Where were you when you learned President John F. Kennedy was assassinated? That's assuming you were old enough to remember, of course.
I was with my mother, watching a grainy television in a gas station.
It was a pivotal moment on which the world suddenly turned.
I was young, just 4 years old, and this is one of my earliest memories. But it's still vivid.
Fifty years later, it's an appropriate time to look for perspective.
JFK is considered the best president of the modern (as in post-World War II) era. Is it because he was martyred? Or is it because of his actions in the Bay of Pigs and other tests of his leadership?
On Tuesday, we marked the 150th anniversary of President Abraham Lincoln's Gettysburg Address. Compared to other speeches of its time, Lincoln's 272-word speech was practically a tweet. But it offered a positive message that focused the nation on the reasons for fighting the rebels in the Civil War.
JFK, too, offered memorable oratory. Who can forget the stirring message, "Ask not what your country can do for you. Ask what you can do for your country."
It was a time to serve others, not a time to serve yourself.
And look what has happened to our society in the 50 years since Kennedy was suddenly taken away from us.
In 1968, the American political world turned bloody once more. Martin Luther King Jr., the famed civil rights leader, was shot to death in April. Two months later, JFK's brother, Robert, was killed.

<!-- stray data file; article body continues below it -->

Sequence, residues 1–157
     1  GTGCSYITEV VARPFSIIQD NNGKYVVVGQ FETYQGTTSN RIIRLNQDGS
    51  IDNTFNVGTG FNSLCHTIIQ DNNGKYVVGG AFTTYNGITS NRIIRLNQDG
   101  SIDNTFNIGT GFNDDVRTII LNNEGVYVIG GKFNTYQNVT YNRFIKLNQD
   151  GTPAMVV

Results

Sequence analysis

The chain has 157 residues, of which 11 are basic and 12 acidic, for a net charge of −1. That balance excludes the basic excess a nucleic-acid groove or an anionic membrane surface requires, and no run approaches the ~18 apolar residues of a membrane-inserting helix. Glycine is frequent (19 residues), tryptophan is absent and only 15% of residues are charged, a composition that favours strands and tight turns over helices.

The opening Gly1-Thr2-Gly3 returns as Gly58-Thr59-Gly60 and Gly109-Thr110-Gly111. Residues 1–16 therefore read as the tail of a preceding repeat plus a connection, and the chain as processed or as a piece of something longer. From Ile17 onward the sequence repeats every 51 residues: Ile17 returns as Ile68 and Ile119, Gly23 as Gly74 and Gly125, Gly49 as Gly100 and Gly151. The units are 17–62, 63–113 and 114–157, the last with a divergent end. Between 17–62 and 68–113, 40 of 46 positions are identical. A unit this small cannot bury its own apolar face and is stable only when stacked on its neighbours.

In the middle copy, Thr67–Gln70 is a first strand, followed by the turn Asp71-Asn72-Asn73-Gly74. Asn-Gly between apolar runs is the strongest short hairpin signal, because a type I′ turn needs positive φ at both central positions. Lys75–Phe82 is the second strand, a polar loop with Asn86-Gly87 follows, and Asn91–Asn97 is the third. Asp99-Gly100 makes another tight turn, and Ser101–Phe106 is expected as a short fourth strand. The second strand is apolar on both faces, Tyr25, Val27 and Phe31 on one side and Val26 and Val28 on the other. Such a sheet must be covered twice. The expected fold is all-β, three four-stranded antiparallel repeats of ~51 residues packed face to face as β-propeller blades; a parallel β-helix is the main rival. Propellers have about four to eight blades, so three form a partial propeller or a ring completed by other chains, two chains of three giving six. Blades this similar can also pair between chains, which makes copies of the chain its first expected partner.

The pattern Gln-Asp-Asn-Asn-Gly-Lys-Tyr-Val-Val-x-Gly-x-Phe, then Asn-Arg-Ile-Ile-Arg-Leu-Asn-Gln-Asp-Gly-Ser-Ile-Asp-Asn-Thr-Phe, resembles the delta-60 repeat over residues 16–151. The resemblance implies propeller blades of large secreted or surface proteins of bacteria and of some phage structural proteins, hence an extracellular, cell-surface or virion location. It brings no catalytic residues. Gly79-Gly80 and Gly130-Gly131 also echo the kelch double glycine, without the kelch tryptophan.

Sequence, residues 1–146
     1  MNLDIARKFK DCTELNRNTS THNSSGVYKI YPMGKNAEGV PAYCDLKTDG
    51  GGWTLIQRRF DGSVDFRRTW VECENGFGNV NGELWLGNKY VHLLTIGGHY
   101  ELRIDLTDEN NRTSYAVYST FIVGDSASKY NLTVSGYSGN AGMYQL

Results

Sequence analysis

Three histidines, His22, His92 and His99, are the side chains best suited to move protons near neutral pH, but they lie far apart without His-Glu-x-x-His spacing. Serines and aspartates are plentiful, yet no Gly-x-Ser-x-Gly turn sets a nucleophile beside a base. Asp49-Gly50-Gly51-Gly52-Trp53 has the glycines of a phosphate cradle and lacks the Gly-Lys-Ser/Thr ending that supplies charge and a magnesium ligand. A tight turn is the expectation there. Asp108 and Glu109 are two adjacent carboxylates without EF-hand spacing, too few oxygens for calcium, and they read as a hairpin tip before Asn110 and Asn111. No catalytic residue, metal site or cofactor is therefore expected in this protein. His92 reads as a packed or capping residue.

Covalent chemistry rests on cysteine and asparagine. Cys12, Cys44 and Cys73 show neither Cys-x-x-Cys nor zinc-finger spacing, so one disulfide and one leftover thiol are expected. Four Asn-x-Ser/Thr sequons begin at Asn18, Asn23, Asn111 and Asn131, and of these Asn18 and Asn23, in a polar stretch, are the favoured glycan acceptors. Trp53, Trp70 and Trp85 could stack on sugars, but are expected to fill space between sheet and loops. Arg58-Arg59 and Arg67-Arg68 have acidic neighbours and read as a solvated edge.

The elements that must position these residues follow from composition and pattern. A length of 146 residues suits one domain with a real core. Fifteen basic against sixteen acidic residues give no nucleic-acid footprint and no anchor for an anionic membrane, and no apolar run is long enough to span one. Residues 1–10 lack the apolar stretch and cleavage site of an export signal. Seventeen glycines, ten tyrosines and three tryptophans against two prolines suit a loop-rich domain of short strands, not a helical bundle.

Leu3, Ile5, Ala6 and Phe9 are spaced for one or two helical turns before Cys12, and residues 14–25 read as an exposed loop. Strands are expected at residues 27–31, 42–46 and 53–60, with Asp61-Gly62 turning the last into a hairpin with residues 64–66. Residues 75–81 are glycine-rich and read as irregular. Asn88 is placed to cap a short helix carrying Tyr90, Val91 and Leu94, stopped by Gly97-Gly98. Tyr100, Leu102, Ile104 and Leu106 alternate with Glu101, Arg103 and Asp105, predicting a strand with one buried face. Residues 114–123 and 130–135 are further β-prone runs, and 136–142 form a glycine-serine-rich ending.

Today, the Camelot years are long gone.
Wealth has become more concentrated, and fewer Americans believe the next generation will have a better standard of living than their own.
The haves often look at the have-nots with scorn, wondering why they reach out for public assistance. And the have-nots have become addicted to public aid, finding it difficult to pull themselves up by the bootstraps, a term popular in the 1960s.
We have become a nation so polarized over access to health care that our federal government was partially shut down for weeks. Political feuds, rather than collaboration and compromise, have become the order of the day. Faith in government has sunk to new lows.
When JFK was running for president, his book "Profiles in Courage" wasn't a fawning autobiography but the story of eight U.S. senators who exercised the courage of their convictions and not the party line. It's a book worth reading today.
I think President Barack Obama was elected because Americans want a charismatic leader who can unite the nation. That hasn't happened.
What will it take to pull the nation back together again?
Fifty years since JFK's assassination, and 150 years since the Civil War, it's an urgent question. Please share your thoughts.